As I write this, the world is upside down. Here in Minnesota we watched the COVID-19 pandemic approach like an inexorable wave until it was suddenly upon us, and all at once it was hard to breathe.
In the last few weeks, I’ve seen many upcoming jobs get canceled, stretching into late summer. (It’s not a great time to be an actor, or do anything that depends on people congregating in person.) My calendar, once populated with all kinds of projects, rehearsals, performances, meetings, birthday celebrations, and deadlines, is now eerily barren.
“Ah, well,” I thought. “I can use this time to do more writing.” But every time I sit down at the computer, I go down a rabbit hole of headlines involving social distancing guidelines and the latest stats and challenges related to the progressing community spread of the novel coronavirus.
So, how do we keep ourselves and our families and communities safe, sane, and healthy? I went and asked some experts: a therapist, an integrative physician, a psychiatrist, a personal trainer, and a spiritual instructor. Their ideas apply to our current collective crisis, and for whatever might come next.
Flatten the Freakout Curve
Dr. Anna Roth is a holistic psychologist and practicing therapist in Minneapolis. She says the upheaval of the pandemic is uniquely destabilizing because it threatens our core of safety, security, and health. Many tools we use to connect and self-soothe (such as gathering with loved ones or going to the gym) are no longer an option. Or we’re inclined to lean on less-healthy coping strategies, like drinking, drugs, harmful relationship patterns, binge eating, smoking, etc. “One piece of advice won’t address every state,” she says. “Try to sense and feel where you are and how to bring your nervous system to a place of calm.”
Find Calm: “When we are activated or threatened, we often go into a hyper-aroused state—anxious, panicked, and frantic. If people are noticing they’re in a ‘fight or flight’ state, with a quick heartbeat, then they can try to do something soothing—like 10 minutes of deep breathing, restorative yoga, or tapping on acupressure points. (Look for videos to guide you online.) That’s quick, easy, and free.”
Find Energy: “When we become hypo-aroused—numb, sleepy, and depressed—and feeling more shut-down, it’s a good idea to get your heart rate up. Go for a brisk walk, find a free streaming workout online, do some jumping jacks, turn on some music and dance, get your blood pumping.”
Embrace Self-Compassion: “Some people also may be feeling, like, ‘Why aren’t I getting anything done? I should be using this time to organize my closet or get in shape’—but they can’t focus enough to get off the couch. That’s normal when experiencing a threat. Our survival systems are trying to work through this, and being hard on ourselves isn’t helpful.”
Hit the Pause Button: “I think every crisis is an opportunity to sift. The Greek root of ‘crisis’ means ‘to sift.’ It’s a priority clarifier. If we engage from that perspective, we might hear some truths about our life that we couldn’t when we were busier. We have sorely needed a global pause, especially Americans. It’s unfortunate it had to be this way. It’s hard and scary, but I’m observing the insights that are coming from it and I’m grateful for that.”
Share Good Vibes: “Once you’re regulated and feeling good, then reach out to other people and share some of that solid energy with others. Our energy is infectious.”
Fight Off the Virus
Dr. Kara Parker is a functional and integrative primary care physician with Hennepin Healthcare. An estimated 40-80% of the population could be infected, according to U.S. Centers for Disease Control and Prevention. But its physical and mental impact on each of us will vary. The virus preys on vulnerabilities, including age and whether or not you smoke, have metabolic syndrome, are obese, experience hypertension, or have an immune system that over-responds. Parker says lifestyle choices—sleep, movement, social connection (that is COVID-appropriate)—have a huge effect on your health at this time.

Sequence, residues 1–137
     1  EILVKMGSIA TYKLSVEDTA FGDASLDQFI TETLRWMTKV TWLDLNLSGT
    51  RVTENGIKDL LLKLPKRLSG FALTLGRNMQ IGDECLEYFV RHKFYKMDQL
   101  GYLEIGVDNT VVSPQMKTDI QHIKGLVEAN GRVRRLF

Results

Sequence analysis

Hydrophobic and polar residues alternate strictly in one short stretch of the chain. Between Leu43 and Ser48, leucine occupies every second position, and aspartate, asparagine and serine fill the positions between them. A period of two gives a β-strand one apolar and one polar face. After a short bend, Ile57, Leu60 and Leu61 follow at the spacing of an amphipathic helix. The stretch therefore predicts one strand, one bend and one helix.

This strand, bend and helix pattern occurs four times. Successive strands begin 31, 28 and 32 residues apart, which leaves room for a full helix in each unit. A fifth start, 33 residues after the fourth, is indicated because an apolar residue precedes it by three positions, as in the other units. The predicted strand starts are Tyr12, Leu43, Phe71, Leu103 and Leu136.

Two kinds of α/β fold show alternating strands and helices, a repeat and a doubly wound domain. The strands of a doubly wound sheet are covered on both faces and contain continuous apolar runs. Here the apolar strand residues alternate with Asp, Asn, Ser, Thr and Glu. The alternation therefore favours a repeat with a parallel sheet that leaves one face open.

Self-Assess: “Ask, ‘What do I want to make in this space and time? How am I managing stress, how am I sleeping, moving my body? How am I eating when my usual patterns aren’t available?’ You can’t change your age, but you can change how inflamed you are and how well you are.”
Make Lifestyle Adjustments: “We have a lot of control, whether we’ve had the virus, it’s coming, or we never display symptoms. Reduce to a simple, easy-to-store, anti-inflammatory diet and give your immune system less heat to deal with. Blood sugar over 200 is an extreme vulnerability. Repairing gut health is important, especially for those with autoimmunity. Help your immune system to do the right kind of fighting. Maintaining your own health helps you and your community, because you’re less of a vector for transmission.”
Make Mental Adjustments: “It’s important to have good antiseptic practices on a mind-body-spirit level, too—like writing things down to get them out, and finding ways you can give that are impactful. The physical virus is one thing, but the virus that affects us all is fear. Ask yourself what you’re spreading in your energy field, your reposts. Are you being as anti-viral and supportive as possible? Stay socially connected to your close people. When social media is not supportive, say no and have good boundaries, just like you would with the physical virus.”
Practice Mindfulness: “Be mindful of the gifts and possibilities of this moment. The air is already cleaner. Take time to pull out the board games with family. What can you do that makes you and your family better, closer, healthier?”
Dr. Sheila Jowsey-Gregoire is a psychiatrist at Mayo Clinic, where she studies factors that affect the emotional wellbeing of organ transplant candidates, recipients, and donors. She says transplant patients can offer all of us lessons in resilience, as well as successful coping strategies to deal with stress. “Those who seem to do best with major health problems have a strong support network and a sense of purpose and meaning in life,” she says. “A sense of ownership of the situation, and an ability to problem-solve and make things work—those ingredients are present in those who weather the storm.”